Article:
If you’re unfamiliar with the #MTBoS, the first thing you’ll be encouraged to do is watch what I think is the MTBoS sanctioned welcome video – The #MTBoS and You. After watching the video, here was my response.
I’ve recently been thinking a lot about what it would take to have an inclusive online learning community for Chicago Public School teachers, which led me to read this paper by Judy Larsen and Peter Liljedahl. I found so many intersections between the paper and the conversation around diversity in the MTBoS that I want to reframe my wondering, and dive deeper into the following two questions: Why is the MTBoS so white and what can be done to make it more racially diverse?
First up – authority. Out of the firestorm that was Dan Meyer’s post “Let’s retire the #MTBoS”, one of the most interesting discussions was on whether or not MTBoS had leaders (authorities) or not. I believe the general sentiment of the MTBoS contributors is echoed in this response:
And that seems to align with Larsen and Liljedahl’s observations. They note, “Further, because of decentralized control, no agent is ever in a position of final authority, and knowledge is always tentative.” And this seems to be true. Dan Meyer, as an example of a reputable MTBoS contributor, doesn’t go around declaring the final say on discussions happening in the MTBoS. So the “decentralized control” structure allows authority and authorship to flow and cycle through many users of the MTBoS.
But what struck me most about Larsen and Liljedahl’s research is that they were able to identify how people hold, be it transient, the position of authority. They write the following,
Holding authority within a complex system means to have the capacity to use a prevailing discourse, or to act within the consensual domain of the system, with the overall aim of occasioning ‘collective-knowing’ (Davis & Sumara, 2006).
If you’re like me, the term “consensual domain” is not in your everyday vernacular (and it makes you feel funny on the inside), so you need it defined. Fortunately the authors do that for us, they write this,
This investigation shows that the consensual domain of the MTBoS includes patterns of interaction such as thinking like a learner, generating examples, invoking shared language, and using instructional routines, as well as being guided by pedagogical values related to teaching without telling and guiding students towards mathematical generalization.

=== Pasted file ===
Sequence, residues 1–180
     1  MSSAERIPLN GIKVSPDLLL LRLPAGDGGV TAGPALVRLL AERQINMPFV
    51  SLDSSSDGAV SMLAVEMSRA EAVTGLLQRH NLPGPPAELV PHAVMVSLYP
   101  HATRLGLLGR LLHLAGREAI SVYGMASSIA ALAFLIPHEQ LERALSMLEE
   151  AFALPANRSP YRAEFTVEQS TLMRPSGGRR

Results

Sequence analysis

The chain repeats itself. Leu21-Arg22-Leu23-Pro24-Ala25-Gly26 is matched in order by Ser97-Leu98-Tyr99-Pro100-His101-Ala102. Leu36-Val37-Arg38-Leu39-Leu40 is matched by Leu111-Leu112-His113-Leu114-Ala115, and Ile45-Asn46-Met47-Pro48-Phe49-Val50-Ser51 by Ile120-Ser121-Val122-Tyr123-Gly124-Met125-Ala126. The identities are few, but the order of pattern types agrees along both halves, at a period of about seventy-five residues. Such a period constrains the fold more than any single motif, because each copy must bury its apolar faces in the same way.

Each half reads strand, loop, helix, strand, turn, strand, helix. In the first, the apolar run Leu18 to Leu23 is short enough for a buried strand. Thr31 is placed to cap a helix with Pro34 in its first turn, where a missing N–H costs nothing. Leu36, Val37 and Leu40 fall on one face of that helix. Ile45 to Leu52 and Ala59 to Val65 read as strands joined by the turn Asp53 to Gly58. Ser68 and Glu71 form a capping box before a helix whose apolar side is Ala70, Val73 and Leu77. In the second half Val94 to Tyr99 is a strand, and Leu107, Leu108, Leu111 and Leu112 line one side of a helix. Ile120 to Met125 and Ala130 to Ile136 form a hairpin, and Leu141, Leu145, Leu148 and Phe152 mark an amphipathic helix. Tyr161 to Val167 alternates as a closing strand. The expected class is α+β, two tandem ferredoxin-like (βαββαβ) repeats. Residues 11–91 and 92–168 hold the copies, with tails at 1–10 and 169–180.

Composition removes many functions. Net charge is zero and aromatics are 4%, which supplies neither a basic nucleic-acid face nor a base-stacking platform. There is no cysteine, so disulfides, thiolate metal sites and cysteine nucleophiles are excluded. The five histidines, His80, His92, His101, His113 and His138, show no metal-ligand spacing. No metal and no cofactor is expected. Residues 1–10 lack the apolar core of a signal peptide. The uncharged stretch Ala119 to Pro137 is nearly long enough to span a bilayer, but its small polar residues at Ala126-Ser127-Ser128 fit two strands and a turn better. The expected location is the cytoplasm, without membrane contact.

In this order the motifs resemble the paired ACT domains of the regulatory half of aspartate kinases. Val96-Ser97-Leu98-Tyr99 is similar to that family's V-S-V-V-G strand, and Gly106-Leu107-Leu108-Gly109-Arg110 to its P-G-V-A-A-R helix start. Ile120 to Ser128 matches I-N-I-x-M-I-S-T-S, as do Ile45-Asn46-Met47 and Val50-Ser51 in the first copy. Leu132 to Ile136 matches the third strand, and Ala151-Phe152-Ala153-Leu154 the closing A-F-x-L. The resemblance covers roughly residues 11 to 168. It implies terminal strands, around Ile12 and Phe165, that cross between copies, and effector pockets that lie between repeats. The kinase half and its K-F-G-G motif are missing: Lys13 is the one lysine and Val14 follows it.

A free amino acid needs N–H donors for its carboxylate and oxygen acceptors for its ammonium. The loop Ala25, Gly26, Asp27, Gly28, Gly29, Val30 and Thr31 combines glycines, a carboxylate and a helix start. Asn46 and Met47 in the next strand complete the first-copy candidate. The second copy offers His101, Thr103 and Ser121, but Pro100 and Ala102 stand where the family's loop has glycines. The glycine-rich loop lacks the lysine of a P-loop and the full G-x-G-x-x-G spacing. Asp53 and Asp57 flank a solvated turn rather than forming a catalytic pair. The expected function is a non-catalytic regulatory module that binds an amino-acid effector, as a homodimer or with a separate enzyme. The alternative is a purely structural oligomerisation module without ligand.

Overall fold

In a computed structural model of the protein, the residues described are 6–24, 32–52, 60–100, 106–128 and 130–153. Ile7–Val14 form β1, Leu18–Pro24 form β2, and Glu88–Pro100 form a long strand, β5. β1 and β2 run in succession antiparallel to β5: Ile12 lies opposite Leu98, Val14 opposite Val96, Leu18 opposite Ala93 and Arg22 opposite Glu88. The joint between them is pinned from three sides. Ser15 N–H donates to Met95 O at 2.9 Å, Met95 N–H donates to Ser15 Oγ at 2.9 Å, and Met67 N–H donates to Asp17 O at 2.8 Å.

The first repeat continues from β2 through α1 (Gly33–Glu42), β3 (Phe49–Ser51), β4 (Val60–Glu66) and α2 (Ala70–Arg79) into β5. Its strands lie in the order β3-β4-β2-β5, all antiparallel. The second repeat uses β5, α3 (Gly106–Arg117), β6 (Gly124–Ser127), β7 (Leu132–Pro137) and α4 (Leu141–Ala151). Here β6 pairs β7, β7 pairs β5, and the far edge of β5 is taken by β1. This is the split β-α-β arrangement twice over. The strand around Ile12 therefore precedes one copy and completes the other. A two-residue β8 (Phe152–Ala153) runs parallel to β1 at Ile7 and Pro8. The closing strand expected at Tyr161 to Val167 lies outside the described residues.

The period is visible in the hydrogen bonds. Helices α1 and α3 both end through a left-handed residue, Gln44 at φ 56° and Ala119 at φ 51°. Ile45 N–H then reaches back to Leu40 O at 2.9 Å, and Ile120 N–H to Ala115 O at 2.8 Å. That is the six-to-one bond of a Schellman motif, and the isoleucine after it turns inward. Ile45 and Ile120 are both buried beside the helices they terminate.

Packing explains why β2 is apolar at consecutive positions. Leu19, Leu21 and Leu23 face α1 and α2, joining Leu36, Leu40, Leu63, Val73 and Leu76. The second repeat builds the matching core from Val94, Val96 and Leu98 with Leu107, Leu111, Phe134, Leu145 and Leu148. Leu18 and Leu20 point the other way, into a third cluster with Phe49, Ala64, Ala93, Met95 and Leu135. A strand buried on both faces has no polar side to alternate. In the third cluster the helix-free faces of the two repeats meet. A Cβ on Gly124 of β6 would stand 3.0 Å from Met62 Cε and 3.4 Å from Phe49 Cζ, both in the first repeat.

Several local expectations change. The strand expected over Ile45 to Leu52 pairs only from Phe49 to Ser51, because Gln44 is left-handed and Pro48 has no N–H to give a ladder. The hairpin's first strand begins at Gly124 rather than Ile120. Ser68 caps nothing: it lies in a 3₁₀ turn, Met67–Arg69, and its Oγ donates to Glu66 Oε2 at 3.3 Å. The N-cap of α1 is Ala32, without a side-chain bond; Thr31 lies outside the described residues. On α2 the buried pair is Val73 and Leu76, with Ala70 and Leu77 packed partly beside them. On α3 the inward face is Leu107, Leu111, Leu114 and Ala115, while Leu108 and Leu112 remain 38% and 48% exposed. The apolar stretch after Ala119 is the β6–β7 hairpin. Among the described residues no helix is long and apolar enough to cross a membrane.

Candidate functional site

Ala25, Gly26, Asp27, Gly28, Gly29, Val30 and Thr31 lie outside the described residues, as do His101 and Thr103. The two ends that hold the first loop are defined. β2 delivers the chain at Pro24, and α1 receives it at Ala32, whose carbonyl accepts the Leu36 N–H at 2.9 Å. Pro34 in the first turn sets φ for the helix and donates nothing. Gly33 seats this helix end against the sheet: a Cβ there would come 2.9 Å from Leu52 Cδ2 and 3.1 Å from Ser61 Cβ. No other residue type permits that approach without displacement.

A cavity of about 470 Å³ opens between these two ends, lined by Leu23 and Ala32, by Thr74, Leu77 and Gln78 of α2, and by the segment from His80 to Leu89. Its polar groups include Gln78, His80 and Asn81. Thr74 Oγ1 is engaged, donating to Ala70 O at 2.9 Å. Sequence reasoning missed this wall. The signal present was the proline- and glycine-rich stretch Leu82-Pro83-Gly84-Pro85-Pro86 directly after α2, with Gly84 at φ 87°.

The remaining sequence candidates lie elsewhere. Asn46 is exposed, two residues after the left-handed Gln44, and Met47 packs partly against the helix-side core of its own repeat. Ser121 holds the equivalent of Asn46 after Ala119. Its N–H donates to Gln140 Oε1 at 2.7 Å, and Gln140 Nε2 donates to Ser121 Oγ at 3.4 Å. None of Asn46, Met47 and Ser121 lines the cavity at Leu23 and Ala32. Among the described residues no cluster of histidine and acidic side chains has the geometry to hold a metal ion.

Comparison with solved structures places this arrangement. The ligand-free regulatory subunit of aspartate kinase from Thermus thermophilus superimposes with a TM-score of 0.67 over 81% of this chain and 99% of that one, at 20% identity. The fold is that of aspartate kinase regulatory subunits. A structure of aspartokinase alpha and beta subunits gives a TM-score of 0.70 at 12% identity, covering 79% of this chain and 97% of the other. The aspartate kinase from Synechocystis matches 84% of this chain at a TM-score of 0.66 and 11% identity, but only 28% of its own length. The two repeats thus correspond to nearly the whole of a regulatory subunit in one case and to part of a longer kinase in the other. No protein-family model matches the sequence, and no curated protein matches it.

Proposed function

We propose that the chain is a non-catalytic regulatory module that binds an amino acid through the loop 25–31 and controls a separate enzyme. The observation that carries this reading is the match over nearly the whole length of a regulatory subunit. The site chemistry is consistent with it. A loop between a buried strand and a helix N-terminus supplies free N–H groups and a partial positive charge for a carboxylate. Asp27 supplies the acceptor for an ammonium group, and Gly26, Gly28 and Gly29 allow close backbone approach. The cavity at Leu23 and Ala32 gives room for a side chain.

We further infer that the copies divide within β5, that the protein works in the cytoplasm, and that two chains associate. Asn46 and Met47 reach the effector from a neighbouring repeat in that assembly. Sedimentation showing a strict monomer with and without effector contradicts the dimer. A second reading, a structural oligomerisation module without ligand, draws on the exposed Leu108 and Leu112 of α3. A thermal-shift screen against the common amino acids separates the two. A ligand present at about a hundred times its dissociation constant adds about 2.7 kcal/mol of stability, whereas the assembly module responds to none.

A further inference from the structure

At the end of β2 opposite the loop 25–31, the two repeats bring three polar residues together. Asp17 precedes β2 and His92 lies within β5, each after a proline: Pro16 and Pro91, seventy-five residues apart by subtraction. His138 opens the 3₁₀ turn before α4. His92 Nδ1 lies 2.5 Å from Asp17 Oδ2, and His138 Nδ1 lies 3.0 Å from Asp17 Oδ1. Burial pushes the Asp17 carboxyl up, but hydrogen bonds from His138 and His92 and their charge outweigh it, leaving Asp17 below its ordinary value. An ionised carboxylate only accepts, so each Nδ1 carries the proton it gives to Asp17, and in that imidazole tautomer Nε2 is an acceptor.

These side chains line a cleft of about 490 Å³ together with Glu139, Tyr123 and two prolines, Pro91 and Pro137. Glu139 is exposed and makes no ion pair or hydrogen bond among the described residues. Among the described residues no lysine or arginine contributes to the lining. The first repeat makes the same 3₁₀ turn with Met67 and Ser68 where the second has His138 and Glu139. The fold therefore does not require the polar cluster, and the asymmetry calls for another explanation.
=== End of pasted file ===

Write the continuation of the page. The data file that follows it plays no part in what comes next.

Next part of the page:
Larsen and Liljedahl observed that to hold authority in the MTBoS, you have to participate in the invisibly-agreed-upon (or consensual) culture of the MTBoS. In the section above, they describe the elements of consensual domain as the pedagogical topics that participants discuss. It’s what you talk about, not how you talk about it that determines the ability to hold authority.
But that doesn’t explain why the MTBoS is so white. I think that is because there also exists an invisibly-agreed-upon (or consensual) how you talk about pedagogy that is missing from the definition of consensual domain. My hunch is that Larsen and Liljedahl are looking too closely at what is being discussed, and if we were to step back and focus on how they are being discussed, then we see that to join in the prevailing discourse, one has to speak using a certain communication style.
The MTBoS is so white because it functions like most other white-dominated community in the United States. If participants of the MTBoS think that the communication style, or the cultural language, of the MTBoS is neutral, what is really happening is white people are functioning in their usual way while people of color are conforming to white cultural values. It’s not a hostile atmosphere, but it is a subliminal one. And in atmospheres like these, you can expect to see fewer non-white people participating (you should see the dog park in my neighborhood).
What can be done to make the MTBoS a more racially diverse place? If you even feel like this discussion is worth taking up space on the MTBoS, then the responses boil down to four possible buckets:
- White people change their authentic voice to try to sound like the voices of underrepresented groups as a way of making others feel welcome. No, seriously, I LIKE your whiteness. Subtract supremacy from the equation and there is nothing wrong with white culture, especially when that’s who you are.
- White people invite people of color as token-authorities as a way of making others feel welcome. Often sounds like, “Let’s be intentional about pushing people of color owned blogs to the top?” I think cultural shifts are more complicated than that and no one wants to be a token.
- MTBoS is not white, it’s post-racial. Fish don’t know they’re in water. For more clarity around that idea, as a Korean-American who grew up in the United States, you go to school and learn that sandwiches for lunch is normal while kimchi, seaweed, and rice is foreign.
- MTBoS is white, own it. This is the response I’d advocate for. If more people in the MTBoS were acknowledging the whiteness of the MTBoS, it would make non-white people more comfortable. And I mean acknowledge it not in a 1000-word blog post kind of way, but in a I can laugh at Dave Chapelle sketches with with my non-white friends kind of way.
So to wrap up, let’s reflect. How in your non-digital life do you participate in racially diverse communities? How are you drawing on your experiences of being the only non-white person in the room (small caveat: room full of black and brown students doesn’t count if most of the teachers are white) to create a more inclusive community? And if none of that is happening in your non-digital life, why would you expect it to happen here?